Montreal, Laval curfew back to 8 p.m. as of Sunday: Legault

Premier François Legault during the April 8 press conference.

Montreal and Laval returned to an 8 p.m curfew starting Sunday April 11, as a COVID preventative measure, until further notice, Premier François Legault announced last Thursday afternoon.

On Thursday, it was reported that there were more than 1,600 new cases in Quebec in general. Since, there have been some 1,500 new cases a day.

“We’re now in a third wave,” Legault said, providing context for his announcement. “I understand Quebecers who say a lot of changes are taking place. We are in the same situation as everywhere else in the world. We have to find a balance between physical and mental health. Also, Public Health provides recommendations, but at the end of the day, I’m the one who makes the decisions. You can’t please everyone — as Bernard Landry said, if you want to be loved, don’t go into politics. Buy a dog.”

Thousands of people reacted by holding a large protest in Old Montreal against the curfew Sunday night, calling for “freedom for the young.” The protest turned violent, with fires set and the windows of some businesses smashed. According to media reports, at least 108 tickets were handed out and at least seven people were arrested.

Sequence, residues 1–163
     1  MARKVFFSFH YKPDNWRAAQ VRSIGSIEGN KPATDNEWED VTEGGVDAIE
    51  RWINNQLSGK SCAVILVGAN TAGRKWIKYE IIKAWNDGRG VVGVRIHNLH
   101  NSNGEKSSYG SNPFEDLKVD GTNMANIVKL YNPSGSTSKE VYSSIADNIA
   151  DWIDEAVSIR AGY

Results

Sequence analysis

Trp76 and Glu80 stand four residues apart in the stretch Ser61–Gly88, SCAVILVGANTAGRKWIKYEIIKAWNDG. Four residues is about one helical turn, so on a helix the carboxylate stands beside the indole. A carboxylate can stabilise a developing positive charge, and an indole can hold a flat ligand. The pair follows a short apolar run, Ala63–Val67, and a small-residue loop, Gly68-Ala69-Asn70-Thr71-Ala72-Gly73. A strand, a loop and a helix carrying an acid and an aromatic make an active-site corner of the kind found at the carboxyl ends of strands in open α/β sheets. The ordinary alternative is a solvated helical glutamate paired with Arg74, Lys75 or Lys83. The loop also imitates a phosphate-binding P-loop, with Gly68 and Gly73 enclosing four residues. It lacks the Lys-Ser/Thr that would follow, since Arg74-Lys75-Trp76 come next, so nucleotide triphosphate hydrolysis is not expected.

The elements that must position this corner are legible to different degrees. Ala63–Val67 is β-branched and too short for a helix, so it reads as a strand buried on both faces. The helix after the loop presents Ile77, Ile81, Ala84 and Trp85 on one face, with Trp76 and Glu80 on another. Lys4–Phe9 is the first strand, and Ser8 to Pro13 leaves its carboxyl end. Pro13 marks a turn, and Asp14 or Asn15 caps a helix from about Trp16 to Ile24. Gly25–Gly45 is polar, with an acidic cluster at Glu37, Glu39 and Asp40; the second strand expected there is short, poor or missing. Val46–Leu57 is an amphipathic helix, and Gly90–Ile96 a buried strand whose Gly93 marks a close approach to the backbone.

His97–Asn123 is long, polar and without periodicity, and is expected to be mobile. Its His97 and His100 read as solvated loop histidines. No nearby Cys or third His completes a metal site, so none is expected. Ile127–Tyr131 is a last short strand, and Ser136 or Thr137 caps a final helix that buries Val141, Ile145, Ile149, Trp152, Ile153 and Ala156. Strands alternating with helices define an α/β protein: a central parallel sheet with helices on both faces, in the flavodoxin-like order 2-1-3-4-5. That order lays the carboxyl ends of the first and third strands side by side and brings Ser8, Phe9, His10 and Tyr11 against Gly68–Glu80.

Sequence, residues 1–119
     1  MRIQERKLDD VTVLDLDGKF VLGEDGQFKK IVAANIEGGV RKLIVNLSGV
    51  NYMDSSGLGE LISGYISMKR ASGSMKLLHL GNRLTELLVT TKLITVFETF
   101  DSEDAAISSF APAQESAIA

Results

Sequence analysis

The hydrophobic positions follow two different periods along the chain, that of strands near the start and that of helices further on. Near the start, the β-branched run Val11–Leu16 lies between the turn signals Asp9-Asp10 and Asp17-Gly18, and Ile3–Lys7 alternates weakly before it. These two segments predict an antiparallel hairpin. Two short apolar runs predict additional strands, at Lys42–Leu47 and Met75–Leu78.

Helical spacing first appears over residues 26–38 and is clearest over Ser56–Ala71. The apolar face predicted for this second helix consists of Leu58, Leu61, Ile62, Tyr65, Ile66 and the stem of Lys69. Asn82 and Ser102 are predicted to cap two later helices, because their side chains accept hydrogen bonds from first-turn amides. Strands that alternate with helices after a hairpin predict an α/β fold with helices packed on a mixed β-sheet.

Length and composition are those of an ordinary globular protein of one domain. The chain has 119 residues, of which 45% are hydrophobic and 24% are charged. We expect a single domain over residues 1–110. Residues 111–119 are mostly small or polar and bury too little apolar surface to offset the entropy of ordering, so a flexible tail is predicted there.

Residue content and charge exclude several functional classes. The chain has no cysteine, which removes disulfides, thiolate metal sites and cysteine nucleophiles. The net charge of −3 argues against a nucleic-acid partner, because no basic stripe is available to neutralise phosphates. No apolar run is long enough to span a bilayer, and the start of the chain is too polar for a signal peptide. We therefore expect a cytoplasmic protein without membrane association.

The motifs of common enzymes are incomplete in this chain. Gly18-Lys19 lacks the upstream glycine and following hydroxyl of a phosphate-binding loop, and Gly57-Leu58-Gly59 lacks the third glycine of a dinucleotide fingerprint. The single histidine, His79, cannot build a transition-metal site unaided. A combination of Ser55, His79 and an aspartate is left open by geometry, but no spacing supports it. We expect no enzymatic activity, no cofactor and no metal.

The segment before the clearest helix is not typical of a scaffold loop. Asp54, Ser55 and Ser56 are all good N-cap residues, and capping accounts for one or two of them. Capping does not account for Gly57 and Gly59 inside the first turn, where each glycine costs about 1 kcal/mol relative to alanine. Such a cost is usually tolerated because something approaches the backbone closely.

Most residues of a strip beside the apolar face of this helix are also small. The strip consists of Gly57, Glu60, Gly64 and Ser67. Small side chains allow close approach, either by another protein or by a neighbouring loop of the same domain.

At last week’s press conference, the Premier also announced that the increase of cases in Quebec City, Lévis, Gatineau and Chaudière-Appalaches are such that the current restrictions, including the 8 p.m. curfew and the closure of non-essential businesses, will continue until April 18.

In densely populated Montreal and Laval, “the level of contagion is high, and we expect it to accelerate even more.

“That’s why we are taking a preventative measure, placing the curfew back to 8 p.m. to 5 a.m. If the situation explodes, it could lead to big problems and could be very concerning for hospitals.”

The Premier also said the Eastern Townships is under surveillance because of increases in that area as well.

Legault also praised the vaccination progress, adding that he was happy to see a waiting list for the Astra Zeneca vaccine, which was offered to those 55 and over in walk-in clinics starting April 8.

“The vaccines are our passport to freedom. The next few weeks are critical. What we’ve seen happening in many places, including Quebec City, can happen everywhere. We’re not safe from an explosion of cases, there is a danger. The variant is more contagious, more vicious. We’ve gone a good part of the way. We have to show solidarity.”

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